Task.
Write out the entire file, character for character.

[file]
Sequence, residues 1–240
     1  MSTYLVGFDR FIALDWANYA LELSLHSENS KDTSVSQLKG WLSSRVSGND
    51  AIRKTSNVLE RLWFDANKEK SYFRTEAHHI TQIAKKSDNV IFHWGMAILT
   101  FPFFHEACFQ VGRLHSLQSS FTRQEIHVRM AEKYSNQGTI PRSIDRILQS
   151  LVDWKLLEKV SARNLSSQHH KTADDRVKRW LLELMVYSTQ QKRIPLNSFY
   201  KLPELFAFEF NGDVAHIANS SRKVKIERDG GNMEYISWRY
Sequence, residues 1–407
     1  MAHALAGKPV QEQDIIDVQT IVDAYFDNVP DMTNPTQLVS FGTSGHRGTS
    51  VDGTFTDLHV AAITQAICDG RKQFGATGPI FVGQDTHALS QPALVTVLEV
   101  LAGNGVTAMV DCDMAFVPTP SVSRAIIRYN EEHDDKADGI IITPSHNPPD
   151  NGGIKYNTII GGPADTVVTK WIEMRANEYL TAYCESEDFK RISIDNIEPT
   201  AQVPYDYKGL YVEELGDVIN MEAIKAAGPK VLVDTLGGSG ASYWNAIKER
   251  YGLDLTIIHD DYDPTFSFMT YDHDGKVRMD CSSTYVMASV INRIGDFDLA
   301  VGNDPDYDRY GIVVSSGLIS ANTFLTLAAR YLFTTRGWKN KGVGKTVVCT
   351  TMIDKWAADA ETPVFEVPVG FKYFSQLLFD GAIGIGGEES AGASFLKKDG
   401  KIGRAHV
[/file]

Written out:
Sequence, residues 1–240
     1  MSTYLVGFDR FIALDWANYA LELSLHSENS KDTSVSQLKG WLSSRVSGND
    51  AIRKTSNVLE RLWFDANKEK SYFRTEAHHI TQIAKKSDNV IFHWGMAILT
   101  FPFFHEACFQ VGRLHSLQSS FTRQEIHVRM AEKYSNQGTI PRSIDRILQS
   151  LVDWKLLEKV SARNLSSQHH KTADDRVKRW LLELMVYSTQ QKRIPLNSFY
   201  KLPELFAFEF NGDVAHIANS SRKVKIERDG GNMEYISWRY
Sequence, residues 1–407
     1  MAHALAGKPV QEQDIIDVQT IVDAYFDNVP DMTNPTQLVS FGTSGHRGTS
    51  VDGTFTDLHV AAITQAICDG RKQFGATGPI FVGQDTHALS QPALVTVLEV
   101  LAGNGVTAMV DCDMAFVPTP SVSRAIIRYN EEHDDKADGI IITPSHNPPD
   151  NGGIKYNTII GGPADTVVTK WIEMRANEYL TAYCESEDFK RISIDNIEPT
   201  AQVPYDYKGL YVEELGDVIN MEAIKAAGPK VLVDTLGGSG ASYWNAIKER
   251  YGLDLTIIHD DYDPTFSFMT YDHDGKVRMD CSSTYVMASV INRIGDFDLA
   301  VGNDPDYDRY GIVVSSGLIS ANTFLTLAAR YLFTTRGWKN KGVGKTVVCT
   351  TMIDKWAADA ETPVFEVPVG FKYFSQLLFD GAIGIGGEES AGASFLKKDG
   401  KIGRAHV